And I think this is where radical healing futures, especially like in my context I’m really working a lot on Dalit feminists radical futures. We have an ability to dream the world that we want, and we can’t give up on that just because we have these very potent fever dreams by manipulative actors who are also knowing very effectively to use the platforms. We are still here and as long as we have breath, we have life and we can choose life. And I think that’s really what we need to lean into and that we have come back from other times of deep polarization and the answer to that was community.

The answer to that was rolling up our sleeves and getting through these divides that are so pernicious and I don’t think an engineer is going to solve this problem. This isn’t a technical problem. This is really one about human behavior and networking and trauma and survivorship. And the more that we can take this from the psychosocial realm, we’ll be able to then build the tools that we want, but this isn’t about an algorithm. This is about us and who we are and who we want to be and the future that we want to build.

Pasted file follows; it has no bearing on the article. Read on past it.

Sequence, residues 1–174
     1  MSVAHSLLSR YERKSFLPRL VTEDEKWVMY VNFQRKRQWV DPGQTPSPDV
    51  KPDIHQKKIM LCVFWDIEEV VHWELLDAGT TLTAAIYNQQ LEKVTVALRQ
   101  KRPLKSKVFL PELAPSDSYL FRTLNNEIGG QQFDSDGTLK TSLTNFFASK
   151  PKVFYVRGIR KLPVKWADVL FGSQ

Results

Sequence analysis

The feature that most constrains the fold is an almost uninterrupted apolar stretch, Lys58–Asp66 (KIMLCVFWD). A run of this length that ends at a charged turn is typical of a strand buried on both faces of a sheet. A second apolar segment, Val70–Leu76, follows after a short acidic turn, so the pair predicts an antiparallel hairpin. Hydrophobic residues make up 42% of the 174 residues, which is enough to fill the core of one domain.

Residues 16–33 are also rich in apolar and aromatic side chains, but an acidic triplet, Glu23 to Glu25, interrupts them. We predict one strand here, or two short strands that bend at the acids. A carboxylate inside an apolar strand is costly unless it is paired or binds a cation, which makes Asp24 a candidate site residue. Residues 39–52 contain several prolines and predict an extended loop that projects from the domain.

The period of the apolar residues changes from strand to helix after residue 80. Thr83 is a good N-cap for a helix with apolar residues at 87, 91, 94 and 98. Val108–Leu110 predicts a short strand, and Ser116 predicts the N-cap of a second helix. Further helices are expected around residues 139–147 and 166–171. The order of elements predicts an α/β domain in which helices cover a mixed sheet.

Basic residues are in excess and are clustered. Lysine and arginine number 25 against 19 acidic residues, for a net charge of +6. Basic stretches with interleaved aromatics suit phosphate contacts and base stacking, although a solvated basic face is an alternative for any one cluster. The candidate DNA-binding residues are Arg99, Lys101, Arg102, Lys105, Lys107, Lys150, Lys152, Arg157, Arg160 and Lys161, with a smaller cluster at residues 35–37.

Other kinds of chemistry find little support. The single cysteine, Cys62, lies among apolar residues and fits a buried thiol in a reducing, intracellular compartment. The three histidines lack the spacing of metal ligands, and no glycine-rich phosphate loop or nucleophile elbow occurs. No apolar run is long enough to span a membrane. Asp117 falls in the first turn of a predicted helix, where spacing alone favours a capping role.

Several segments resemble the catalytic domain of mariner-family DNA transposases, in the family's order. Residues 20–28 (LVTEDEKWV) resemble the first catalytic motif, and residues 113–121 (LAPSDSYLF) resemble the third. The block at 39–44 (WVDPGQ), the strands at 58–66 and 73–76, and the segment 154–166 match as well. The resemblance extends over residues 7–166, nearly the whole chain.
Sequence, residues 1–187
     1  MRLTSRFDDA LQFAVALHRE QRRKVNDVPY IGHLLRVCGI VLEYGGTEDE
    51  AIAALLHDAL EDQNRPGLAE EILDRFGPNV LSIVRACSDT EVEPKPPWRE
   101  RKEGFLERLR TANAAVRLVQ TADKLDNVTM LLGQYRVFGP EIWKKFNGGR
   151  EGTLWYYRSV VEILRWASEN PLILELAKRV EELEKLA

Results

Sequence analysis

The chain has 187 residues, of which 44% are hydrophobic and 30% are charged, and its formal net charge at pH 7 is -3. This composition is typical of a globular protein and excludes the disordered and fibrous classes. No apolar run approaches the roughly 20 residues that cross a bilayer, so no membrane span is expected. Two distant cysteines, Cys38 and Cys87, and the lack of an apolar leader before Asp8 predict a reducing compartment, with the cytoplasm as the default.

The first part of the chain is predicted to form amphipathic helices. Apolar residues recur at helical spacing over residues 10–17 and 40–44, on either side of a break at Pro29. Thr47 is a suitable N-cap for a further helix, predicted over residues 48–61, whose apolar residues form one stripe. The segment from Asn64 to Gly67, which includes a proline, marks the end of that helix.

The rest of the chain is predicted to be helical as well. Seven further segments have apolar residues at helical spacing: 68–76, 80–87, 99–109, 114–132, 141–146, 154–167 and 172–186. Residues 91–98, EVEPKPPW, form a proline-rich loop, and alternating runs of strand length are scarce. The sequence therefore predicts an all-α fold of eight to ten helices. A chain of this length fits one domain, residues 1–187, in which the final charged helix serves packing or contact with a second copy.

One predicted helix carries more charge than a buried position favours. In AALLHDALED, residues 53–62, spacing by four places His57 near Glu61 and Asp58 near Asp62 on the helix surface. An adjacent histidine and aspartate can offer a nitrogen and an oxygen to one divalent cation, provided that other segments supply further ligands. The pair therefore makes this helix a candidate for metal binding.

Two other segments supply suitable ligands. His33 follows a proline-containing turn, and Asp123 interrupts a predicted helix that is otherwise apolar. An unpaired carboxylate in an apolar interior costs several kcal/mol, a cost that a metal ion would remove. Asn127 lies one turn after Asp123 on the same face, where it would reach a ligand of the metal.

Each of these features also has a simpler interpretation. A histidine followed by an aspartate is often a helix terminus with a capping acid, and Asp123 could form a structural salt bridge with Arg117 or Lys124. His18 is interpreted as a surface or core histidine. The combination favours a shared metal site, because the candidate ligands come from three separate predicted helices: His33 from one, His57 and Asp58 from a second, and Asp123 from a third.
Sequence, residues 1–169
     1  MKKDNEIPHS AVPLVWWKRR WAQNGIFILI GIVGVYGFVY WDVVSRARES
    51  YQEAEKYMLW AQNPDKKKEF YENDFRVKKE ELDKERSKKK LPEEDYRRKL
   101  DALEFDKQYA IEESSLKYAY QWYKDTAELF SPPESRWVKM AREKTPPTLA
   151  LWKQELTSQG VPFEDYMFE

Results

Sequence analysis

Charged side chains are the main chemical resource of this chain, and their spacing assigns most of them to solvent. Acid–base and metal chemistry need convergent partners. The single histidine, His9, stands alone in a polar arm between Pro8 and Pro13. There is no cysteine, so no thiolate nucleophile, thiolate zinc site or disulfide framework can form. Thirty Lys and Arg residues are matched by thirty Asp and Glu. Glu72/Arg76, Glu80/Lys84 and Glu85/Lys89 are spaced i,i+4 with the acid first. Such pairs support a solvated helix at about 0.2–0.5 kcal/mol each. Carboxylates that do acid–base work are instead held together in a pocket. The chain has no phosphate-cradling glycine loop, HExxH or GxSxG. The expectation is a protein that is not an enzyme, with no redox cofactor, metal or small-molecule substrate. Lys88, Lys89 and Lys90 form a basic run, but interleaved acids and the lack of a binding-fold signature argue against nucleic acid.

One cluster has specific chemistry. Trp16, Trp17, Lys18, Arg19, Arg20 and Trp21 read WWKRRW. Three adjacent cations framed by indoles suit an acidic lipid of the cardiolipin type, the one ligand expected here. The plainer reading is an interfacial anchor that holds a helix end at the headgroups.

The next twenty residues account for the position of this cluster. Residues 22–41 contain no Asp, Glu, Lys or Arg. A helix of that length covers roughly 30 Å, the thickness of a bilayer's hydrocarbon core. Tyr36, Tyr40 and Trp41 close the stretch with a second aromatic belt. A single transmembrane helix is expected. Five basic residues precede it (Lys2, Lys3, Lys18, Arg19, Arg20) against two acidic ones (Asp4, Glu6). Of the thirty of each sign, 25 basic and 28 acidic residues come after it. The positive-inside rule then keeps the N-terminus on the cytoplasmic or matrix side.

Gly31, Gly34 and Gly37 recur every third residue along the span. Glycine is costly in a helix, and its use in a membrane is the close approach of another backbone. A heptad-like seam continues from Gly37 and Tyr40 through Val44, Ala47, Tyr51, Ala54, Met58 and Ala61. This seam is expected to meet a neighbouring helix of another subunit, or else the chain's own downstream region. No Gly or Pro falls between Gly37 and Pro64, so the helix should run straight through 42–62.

Ethan Zuckerman:

Thenmozhi, we so often on the show have to push our guests towards the positive future. You are all about that positive future. It’s just wonderful to spend this time with you. Thenmozhi Soundararajan, Dalit Diva, the executive director of Equality Labs, thank you so much for being with us on Reimagining the Internet.

Thenmozhi Soundararajan:

Of course, thank you for having me. And as we always end in like Dalit spaces [inaudible 00:32:15] to you, Ethan. And [inaudible 00:32:17] is the salute of justice and the salute of possibility and just looking forward to build caste equity and racial equity in these futures that we need to have. So thank you for holding space for this conversation.